North Korea has test fired two more ballistic missiles, the fourth round of weapons launches in less than two weeks.
South Korea’s Joint Chiefs of Staff said the latest missiles were launched from an area in the North’s western region and travelled about 450km (279 miles) before crashing into the sea off the country’s eastern coast.
The recent wave of missile tests comes against a backdrop of stalled nuclear disarmament talks with the US and joint military exercises between the US military and South Korean forces.
The North regards such drills as an invasion rehearsal and in a statement an unidentified spokesperson said Pyongyang remains committed to dialogue, but it could seek a “new road” if the allies don’t change their positions.
“It is too axiomatic that a constructive dialogue cannot be expected at a time when a simulated war practice targeted at the dialogue partner is being conducted,” said the statement released by Pyongyang’s official Korean Central News Agency.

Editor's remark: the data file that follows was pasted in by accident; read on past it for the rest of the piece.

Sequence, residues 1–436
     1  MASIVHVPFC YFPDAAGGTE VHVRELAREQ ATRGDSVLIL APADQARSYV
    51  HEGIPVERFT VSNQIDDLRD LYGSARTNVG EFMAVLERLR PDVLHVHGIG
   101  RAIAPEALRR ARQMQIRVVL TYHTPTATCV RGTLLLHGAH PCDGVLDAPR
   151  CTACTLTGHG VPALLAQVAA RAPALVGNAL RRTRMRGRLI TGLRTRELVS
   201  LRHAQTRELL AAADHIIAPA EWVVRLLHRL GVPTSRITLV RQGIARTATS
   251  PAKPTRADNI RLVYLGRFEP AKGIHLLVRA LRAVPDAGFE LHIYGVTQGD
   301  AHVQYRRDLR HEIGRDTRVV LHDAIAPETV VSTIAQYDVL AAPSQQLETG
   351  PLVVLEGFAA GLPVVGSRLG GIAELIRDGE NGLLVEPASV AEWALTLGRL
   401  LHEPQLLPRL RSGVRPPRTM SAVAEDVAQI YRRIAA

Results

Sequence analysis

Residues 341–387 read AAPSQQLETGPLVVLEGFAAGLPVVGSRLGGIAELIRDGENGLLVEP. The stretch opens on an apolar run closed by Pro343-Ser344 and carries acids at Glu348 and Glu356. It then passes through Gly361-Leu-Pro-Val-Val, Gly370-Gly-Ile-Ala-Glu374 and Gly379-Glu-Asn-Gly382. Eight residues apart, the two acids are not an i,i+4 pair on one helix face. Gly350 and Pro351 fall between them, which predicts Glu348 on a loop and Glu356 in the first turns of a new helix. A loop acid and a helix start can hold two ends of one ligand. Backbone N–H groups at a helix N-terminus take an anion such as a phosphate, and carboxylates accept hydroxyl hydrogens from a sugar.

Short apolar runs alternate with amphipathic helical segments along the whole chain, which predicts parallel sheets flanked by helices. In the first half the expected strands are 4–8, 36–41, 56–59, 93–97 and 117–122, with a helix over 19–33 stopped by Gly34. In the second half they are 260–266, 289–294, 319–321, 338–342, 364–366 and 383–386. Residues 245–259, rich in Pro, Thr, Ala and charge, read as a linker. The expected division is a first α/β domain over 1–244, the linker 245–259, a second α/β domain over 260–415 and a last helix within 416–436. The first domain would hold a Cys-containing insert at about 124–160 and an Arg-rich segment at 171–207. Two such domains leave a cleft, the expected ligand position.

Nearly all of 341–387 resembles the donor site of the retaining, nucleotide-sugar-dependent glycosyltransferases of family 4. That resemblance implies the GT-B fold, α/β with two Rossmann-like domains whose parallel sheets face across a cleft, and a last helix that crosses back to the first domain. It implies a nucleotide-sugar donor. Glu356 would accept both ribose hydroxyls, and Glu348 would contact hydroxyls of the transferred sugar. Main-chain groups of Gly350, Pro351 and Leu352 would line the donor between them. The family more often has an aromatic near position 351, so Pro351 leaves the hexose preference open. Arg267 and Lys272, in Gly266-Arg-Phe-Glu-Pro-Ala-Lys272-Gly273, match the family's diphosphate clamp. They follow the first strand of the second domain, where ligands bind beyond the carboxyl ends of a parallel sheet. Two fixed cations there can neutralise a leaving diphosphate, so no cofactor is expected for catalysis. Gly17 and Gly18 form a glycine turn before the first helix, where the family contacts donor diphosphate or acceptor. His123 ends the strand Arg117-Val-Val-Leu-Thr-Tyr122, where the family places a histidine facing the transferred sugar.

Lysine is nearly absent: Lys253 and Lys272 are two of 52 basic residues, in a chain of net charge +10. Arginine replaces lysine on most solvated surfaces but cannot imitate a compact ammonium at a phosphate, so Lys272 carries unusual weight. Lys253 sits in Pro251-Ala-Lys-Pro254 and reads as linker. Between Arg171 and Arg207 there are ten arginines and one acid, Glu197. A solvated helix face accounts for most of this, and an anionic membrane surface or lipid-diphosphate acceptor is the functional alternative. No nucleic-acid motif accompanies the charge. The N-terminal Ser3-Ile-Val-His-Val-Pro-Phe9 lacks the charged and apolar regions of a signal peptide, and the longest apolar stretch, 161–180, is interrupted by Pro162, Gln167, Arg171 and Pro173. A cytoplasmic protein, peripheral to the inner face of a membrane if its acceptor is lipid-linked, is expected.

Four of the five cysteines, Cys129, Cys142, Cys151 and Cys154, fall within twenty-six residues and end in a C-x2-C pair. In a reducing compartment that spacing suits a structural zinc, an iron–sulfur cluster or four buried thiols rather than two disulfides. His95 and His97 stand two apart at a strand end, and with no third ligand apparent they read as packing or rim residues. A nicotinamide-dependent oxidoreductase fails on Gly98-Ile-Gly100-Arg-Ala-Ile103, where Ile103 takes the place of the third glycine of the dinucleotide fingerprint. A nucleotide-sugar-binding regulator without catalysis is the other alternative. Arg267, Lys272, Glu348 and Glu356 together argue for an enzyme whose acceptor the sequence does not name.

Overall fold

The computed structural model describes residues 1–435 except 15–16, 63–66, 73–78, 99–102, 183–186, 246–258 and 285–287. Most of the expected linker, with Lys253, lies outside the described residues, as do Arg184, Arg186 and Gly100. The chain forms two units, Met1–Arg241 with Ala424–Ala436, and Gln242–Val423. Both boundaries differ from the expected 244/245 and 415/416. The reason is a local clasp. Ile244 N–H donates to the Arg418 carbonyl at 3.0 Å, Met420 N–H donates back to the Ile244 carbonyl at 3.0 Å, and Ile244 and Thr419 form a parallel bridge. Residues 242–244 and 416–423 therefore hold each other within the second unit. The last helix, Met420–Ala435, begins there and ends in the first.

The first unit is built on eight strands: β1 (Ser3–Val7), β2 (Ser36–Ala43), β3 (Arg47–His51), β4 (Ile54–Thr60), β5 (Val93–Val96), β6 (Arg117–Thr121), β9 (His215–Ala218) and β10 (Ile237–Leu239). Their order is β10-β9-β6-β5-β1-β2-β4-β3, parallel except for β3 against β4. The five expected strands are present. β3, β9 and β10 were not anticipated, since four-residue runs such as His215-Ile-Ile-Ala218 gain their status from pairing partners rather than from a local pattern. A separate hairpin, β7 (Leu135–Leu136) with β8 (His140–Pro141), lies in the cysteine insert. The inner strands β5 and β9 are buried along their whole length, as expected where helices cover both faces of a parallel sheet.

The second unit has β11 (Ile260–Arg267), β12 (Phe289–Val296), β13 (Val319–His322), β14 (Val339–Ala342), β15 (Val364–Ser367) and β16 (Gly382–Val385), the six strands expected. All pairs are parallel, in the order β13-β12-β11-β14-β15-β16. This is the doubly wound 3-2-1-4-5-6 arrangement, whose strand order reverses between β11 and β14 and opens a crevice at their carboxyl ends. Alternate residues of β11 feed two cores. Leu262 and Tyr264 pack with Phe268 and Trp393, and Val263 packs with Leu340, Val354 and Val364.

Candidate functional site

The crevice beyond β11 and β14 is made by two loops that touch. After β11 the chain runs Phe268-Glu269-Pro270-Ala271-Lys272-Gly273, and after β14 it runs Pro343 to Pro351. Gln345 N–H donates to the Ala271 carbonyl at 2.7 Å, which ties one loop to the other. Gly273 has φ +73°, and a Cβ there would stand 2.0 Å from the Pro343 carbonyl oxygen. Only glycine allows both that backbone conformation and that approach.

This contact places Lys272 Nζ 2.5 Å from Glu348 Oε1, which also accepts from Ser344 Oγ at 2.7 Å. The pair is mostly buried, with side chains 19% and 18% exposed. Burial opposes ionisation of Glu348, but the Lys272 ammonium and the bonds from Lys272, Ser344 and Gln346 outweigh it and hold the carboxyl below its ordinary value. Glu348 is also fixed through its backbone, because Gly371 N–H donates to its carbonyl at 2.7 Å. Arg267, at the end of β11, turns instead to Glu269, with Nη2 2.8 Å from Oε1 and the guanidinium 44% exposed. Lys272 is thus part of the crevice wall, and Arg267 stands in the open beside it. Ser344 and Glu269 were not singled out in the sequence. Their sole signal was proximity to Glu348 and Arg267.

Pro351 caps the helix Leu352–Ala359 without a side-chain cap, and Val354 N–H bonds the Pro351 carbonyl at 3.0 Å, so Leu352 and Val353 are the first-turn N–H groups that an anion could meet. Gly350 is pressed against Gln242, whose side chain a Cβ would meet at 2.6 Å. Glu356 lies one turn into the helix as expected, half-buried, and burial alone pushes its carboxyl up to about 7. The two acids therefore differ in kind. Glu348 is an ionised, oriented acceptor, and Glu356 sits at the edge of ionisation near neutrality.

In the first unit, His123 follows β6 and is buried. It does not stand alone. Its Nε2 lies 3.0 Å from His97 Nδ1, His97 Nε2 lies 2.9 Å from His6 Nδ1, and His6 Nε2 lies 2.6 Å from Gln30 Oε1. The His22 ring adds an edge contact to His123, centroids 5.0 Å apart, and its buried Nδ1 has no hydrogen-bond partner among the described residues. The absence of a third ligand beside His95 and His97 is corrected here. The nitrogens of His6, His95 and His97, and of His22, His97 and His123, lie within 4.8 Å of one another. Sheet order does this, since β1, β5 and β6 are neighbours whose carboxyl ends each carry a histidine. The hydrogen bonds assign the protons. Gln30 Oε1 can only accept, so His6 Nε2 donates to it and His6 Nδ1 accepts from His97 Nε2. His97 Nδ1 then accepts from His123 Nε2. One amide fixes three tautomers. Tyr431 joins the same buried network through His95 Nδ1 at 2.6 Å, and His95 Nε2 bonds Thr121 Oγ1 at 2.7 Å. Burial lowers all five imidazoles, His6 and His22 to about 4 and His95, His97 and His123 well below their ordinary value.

“We remain unchanged in our stand to resolve the issues through dialogue. But the dynamics of dialogue will be more invisible as long as the hostile military moves continue.”
South Korea and the US have scaled down their major military exercises since the first summit between North Korean leader Kim Jong Un and President Trump on June 2018 in Singapore to create space for diplomacy.
But the North insists even the downsized drills violate agreements between the leaders.
Nuclear negotiations have stalemated since the collapse of the second Trump-Kim summit in Vietnam in February over disagreements in exchanging sanctions relief and disarmament.
The North’s recent tests have dampened the optimism that followed the third summit between Trump and Kim on 30 June at the inter-Korean border.
The leaders agreed to resume working-level nuclear talks, but there have been no known meetings between the two sides since then.